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A knee joint straightened out on a surface with latex gloved hands holding a syringe that is inserted into the leg just below the knee joint.

Your doctor may recommend injections directly into the aching joint. The purpose of the injections is to reduce the irritation caused by bone rubbing on bone. Injections are more typically done for patients with knee arthritis and only infrequently for patients with hip arthritis.

Corticosteroid Injections:

  • About half to two-thirds of the patients find these injections relieve pain.
  • Pain relief will last anywhere from several weeks to 3-6 months. 
  • Some patients will not have any improvement after an injection.
  • Leave at least 3 months between corticosteroid injections.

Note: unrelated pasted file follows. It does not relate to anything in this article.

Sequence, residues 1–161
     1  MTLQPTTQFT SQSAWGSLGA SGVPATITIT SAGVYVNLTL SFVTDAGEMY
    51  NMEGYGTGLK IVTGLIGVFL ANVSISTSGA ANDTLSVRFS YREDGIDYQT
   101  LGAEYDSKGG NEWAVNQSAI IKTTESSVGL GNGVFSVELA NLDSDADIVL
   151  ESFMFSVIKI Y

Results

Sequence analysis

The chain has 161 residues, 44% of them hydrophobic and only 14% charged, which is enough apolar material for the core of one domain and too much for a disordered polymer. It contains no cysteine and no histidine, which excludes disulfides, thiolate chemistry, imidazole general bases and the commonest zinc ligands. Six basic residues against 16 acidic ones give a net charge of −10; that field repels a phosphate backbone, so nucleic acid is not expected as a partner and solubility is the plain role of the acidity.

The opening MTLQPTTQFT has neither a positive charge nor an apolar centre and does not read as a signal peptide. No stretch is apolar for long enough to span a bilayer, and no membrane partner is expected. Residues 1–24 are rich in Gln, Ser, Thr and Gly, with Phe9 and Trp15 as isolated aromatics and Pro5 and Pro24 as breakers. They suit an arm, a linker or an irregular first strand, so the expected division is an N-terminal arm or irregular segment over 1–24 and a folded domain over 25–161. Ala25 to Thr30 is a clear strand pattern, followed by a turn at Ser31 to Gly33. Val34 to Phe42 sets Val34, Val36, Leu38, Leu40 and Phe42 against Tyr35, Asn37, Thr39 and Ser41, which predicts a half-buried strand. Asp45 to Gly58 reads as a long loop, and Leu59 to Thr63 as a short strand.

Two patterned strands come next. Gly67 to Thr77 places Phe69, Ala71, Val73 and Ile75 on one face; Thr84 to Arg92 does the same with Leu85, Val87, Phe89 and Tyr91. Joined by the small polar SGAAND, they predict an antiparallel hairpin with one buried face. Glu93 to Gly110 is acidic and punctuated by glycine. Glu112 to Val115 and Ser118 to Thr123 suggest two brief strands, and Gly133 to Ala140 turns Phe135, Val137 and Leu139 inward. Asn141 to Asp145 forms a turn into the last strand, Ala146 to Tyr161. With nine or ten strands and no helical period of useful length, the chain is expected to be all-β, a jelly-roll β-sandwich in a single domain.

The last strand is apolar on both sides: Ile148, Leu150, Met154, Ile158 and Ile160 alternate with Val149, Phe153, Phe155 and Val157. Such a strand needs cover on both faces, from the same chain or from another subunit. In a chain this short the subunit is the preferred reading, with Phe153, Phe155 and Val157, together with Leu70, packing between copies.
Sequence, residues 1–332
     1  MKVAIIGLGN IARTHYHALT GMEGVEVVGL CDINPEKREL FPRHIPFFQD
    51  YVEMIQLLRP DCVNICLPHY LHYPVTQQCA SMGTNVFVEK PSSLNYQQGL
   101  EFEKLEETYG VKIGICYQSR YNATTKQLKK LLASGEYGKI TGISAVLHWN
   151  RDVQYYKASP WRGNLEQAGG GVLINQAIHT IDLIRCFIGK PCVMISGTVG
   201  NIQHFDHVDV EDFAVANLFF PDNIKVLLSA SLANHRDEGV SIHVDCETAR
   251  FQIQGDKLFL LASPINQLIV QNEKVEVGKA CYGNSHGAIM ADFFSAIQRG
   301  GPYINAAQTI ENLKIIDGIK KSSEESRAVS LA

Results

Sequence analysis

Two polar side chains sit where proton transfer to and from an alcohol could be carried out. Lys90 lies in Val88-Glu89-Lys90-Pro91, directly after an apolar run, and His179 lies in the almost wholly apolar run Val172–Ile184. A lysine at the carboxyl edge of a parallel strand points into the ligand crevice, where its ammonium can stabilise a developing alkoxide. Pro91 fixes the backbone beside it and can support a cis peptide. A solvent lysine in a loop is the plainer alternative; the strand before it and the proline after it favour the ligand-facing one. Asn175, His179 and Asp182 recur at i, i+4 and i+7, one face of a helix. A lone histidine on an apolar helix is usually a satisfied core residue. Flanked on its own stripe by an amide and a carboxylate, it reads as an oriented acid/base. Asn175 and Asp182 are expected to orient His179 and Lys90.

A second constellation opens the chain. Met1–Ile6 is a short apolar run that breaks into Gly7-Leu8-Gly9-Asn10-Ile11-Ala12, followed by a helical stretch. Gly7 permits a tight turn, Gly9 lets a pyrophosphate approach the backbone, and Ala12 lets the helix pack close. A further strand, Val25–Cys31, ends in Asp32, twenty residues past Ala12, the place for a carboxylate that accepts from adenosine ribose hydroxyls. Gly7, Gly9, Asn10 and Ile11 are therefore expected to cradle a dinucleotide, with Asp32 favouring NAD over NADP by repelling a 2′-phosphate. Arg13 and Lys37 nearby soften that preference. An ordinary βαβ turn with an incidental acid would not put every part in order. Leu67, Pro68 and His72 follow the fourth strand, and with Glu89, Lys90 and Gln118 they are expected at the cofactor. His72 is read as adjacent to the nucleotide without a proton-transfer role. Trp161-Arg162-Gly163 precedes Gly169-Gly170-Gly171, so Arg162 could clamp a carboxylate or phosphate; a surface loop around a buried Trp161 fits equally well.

• The injection is typically performed in the office and doesn’t interfere with your ability to drive home.

Hyaluronan Injections:

  • Medications such as Synvisc, Hyalgan, Orthovisc and others.
  • There is disagreement about the effectiveness of this medication in the orthopaedic community and the American Academy of Orthopaedic Surgeons has not recommended its use.
  • You may have a large copay for these medications as well - even up to several hundred dollars, depending on your insurance.